Questions and Answer
Never hesitate to ask any questions you may have during your visit or by calling us. Here are some of the most common concerns we hear. You may also want to check the website of the American Dental Association (www.ada.org) for a variety of information on dental care and oral hygiene.
- I am an adult. Should I be concerned about cavities?
Definitely. The cause for tooth decay is the same for everyone, regardless of age. Adults often have decay around old fillings, and because many adults grew up without the benefits of fluoride, they probably have more fillings.
Tooth decay can also occur as a result of dry mouth. This happens when the supply of saliva is greatly reduced. Decreases in saliva may be caused by a variety of illnesses, medications or other therapies.
If you think you have this problem, be sure to discuss it with us. We may recommend a product that can help you.
I've heard that Periodontal(gum) disease is becoming very common among adults, and the major cause of tooth loss. Is there anything I can do about it?
Periodontal disease progresses slowly and often without pain. That's one reason why it's common among older adults. Still, it can be controlled-and in its early stage, even reversed. Look for these warning signs, and call us immediately if you notice any of them. Some signs are bleeding gums when you brush; red, tender or swollen gums; recession - gums that have pulled away from the teeth, exposing the root surfaces; loose teeth or teeth that are moving apart or any change in your bite; constant bad breath or bad taste.
I am anxious about dental visits. I know I should go, but I'm anxious about it. What can I do?
You are not alone! Anxiety over dental treatment is not unusual. People of any age can experience it. You should tell us that you are anxious. We can adjust your treatment and pace to fit your needs. There are also many advances nowadays in pain and anxiety control, but communicating your own needs is key! We are committed to making your time with us as painless and worry-free as possible. You may be surprised how easily you "sail" through your next visit.
What do I do if something comes up and I have to reschedule my visit?
Call us to reschedule as soon as you know you won't be able to make the scheduled visit. We will do our best to allow another patient to make use of your scheduled time, but if the change is less than two full business days in advance of your appointment, there is a $50 cancellation fee. It is always best to speak to us directly when scheduling changes are necessary, rather than just leaving a message. We will always do our best to accommodate your needs.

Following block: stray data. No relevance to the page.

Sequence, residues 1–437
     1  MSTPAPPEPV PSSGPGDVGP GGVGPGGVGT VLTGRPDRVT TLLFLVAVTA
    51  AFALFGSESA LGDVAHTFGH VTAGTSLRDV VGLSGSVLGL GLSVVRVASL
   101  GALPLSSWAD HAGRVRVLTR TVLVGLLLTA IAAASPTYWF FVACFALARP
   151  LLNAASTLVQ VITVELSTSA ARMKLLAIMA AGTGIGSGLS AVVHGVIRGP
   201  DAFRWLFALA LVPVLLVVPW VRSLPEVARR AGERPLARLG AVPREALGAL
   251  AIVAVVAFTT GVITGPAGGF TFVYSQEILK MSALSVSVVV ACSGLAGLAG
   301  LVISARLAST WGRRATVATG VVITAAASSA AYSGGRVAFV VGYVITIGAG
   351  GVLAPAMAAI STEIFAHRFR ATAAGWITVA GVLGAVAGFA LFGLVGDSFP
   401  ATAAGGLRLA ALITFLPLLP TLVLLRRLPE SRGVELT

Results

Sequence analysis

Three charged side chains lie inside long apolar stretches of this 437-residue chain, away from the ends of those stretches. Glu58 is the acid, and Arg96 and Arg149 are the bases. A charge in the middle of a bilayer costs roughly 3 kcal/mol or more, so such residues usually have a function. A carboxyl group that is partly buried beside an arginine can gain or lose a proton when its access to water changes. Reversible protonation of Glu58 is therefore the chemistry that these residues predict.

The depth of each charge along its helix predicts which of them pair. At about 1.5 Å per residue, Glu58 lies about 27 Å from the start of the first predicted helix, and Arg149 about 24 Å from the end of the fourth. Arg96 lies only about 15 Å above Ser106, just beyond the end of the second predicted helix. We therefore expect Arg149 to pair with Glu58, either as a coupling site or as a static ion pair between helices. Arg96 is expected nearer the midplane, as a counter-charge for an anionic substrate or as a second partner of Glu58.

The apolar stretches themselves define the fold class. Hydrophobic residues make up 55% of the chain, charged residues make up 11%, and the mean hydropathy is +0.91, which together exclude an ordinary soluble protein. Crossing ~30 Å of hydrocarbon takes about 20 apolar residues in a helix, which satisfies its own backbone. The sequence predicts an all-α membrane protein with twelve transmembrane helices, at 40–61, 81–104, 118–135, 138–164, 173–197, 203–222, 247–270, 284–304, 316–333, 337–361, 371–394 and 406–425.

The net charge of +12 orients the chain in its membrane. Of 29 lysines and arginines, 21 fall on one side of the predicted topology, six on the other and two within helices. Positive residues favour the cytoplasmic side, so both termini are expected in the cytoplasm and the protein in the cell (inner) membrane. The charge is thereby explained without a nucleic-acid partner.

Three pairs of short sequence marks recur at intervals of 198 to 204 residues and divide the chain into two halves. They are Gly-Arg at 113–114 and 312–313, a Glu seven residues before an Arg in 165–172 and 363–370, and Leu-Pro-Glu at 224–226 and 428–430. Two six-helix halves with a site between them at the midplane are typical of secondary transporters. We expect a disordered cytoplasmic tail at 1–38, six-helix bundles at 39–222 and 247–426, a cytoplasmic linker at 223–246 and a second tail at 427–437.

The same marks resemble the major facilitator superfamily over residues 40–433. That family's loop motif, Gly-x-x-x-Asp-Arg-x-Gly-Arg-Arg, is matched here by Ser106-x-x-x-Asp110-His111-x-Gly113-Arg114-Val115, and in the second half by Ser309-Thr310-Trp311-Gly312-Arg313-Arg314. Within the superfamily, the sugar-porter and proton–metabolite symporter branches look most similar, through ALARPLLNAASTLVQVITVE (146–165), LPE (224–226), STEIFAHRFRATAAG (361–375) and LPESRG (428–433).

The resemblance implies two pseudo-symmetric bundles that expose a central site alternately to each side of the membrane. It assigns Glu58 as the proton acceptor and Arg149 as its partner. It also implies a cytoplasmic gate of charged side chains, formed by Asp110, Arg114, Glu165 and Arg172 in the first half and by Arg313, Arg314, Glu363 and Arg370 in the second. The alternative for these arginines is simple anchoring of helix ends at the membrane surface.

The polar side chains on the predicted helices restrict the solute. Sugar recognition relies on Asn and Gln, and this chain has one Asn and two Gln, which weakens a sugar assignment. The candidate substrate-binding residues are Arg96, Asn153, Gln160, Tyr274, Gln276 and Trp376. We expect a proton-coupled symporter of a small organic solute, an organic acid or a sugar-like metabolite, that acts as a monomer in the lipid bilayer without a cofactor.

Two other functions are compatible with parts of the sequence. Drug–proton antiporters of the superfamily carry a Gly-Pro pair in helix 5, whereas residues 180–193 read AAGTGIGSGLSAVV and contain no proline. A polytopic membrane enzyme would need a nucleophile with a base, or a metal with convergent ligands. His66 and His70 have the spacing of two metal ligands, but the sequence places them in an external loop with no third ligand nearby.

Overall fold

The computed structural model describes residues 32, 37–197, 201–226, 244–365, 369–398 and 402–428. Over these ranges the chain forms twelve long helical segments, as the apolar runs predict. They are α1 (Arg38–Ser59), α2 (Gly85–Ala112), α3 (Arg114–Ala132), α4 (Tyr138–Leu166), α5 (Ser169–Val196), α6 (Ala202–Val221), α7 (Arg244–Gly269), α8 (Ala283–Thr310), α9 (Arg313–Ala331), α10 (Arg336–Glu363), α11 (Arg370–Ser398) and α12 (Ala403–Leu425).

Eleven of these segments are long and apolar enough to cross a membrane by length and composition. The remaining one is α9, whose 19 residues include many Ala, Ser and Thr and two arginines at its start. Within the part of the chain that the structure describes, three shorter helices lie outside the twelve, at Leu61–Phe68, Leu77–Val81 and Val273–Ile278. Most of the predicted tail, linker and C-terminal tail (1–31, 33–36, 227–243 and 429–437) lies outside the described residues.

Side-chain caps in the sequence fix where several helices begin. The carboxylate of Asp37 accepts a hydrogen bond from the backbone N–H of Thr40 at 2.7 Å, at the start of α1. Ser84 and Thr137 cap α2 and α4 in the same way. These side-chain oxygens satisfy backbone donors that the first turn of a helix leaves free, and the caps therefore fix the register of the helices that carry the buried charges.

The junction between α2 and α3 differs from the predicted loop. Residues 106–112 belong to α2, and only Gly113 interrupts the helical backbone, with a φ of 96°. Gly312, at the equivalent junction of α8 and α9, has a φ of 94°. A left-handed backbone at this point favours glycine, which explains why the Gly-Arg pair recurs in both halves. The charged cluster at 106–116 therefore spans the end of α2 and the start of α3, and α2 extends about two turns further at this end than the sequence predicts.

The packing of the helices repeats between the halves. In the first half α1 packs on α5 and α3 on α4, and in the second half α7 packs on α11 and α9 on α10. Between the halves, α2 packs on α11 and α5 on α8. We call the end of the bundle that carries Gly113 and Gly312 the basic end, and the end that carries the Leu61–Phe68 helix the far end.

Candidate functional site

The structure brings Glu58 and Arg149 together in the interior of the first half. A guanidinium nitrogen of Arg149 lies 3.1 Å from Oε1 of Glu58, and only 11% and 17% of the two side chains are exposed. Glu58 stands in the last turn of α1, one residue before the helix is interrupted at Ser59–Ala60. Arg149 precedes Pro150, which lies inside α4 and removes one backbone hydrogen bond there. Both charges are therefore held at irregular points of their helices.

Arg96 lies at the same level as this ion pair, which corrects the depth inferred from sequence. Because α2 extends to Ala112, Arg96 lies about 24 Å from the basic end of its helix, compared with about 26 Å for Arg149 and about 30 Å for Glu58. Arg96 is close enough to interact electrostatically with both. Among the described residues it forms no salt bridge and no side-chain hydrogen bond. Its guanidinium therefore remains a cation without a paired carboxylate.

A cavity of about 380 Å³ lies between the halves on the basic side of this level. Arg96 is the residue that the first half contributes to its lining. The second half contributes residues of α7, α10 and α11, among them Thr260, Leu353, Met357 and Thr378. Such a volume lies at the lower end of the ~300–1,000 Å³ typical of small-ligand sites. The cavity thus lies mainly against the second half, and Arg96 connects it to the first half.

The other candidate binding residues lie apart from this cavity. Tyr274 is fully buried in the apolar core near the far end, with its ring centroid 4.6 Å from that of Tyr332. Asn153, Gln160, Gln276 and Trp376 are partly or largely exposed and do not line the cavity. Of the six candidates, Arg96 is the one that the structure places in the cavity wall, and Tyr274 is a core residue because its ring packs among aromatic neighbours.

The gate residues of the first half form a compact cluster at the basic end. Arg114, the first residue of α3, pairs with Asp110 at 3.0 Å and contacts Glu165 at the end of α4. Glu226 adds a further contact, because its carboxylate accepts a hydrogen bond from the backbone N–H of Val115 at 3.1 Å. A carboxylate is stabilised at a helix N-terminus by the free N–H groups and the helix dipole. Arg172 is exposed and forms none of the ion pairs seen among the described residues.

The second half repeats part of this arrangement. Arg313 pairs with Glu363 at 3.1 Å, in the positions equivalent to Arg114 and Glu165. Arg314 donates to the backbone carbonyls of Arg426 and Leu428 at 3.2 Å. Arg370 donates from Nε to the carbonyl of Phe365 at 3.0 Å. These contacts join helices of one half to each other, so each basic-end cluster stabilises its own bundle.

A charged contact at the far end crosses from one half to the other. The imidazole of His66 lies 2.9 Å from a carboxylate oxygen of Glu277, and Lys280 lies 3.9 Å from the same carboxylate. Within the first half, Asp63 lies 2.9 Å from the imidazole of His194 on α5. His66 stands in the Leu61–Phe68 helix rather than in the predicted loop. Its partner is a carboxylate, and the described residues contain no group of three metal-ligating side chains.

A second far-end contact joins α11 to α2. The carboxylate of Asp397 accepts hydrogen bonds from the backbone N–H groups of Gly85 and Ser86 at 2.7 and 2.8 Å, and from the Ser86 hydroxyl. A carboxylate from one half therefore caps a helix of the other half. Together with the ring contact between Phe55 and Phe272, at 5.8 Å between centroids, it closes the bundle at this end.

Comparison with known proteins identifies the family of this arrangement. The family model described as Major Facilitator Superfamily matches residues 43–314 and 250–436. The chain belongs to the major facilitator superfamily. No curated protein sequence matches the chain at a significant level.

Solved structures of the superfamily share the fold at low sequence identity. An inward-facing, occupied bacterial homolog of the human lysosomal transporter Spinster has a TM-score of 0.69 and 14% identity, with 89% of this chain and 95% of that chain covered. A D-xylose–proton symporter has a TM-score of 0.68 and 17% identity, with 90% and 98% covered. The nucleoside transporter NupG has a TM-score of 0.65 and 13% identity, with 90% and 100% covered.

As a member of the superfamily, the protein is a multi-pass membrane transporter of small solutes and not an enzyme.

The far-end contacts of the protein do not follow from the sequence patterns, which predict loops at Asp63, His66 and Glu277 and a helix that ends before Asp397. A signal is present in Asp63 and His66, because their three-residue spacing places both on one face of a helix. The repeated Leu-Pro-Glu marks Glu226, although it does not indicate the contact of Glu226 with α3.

I am currently on medication. Is that a problem?
Please let us know, well in advance of your first/next visit, if you are taking medications, have any health concerns or if health related issues have changed since your last visit. It may be necessary to contact your Primary Care Physician in advance of your visit. When you complete your patient information forms, you will be asked about medications, health status and changes.
Do the over-the-counter cosmetic and whitening techniques really work?
Some do and some don't. Some are worth trying and some are a waste of money. The best thing to do is talk to us about any cosmetic procedures you think would enhance your smile or your general well-being. We will be happy to advise you and support you in your efforts.
Why do my teeth seem darker?
Adult dentition is naturally darker than childhood dentition. So if you're comparing your teeth to your children's, don't worry. If you'd like to create that "Hollywood Smile", we can help. Whitening may be an alternative if you choose to lighten your teeth, but remember, it may not work for everyone. If you prefer to keep you natural color, we will help you learn what can be done to keep them at their whitest.
Diet and habits (i.e., coffee drinking, smoking, etc.) may also add to surface stains on your teeth. Feel free to ask our advice about preventing or limiting these surface stains.
Tooth discoloration is a very individual process. Again, we can help you evaluate the various options available, both in and out of the office, for whitening your teeth.
I am a new mom. How do I care for my baby's gums?
After each feeding, whether you breast feed or bottle feed, wipe your baby's gums with a clean gauze pad. This also helps prepare your child for the future, when you will be assisting with their daily needs.
What can I expect when my baby starts teething?
Despite what people think, a fever is not a normal part of teething. If your baby is fussy, you can try a cool teething ring, or you can also gently rub your baby's gums with a cool wet gauze pad.
What if my baby is a thumb-sucker or depends on a pacifier?
Nowadays, many dentists believe that the nurturing role played by these comforts is important in your baby's development during the first few years of life. Once your child's adult dentition starts to develop, habits like thumb-sucking can be more of a concern.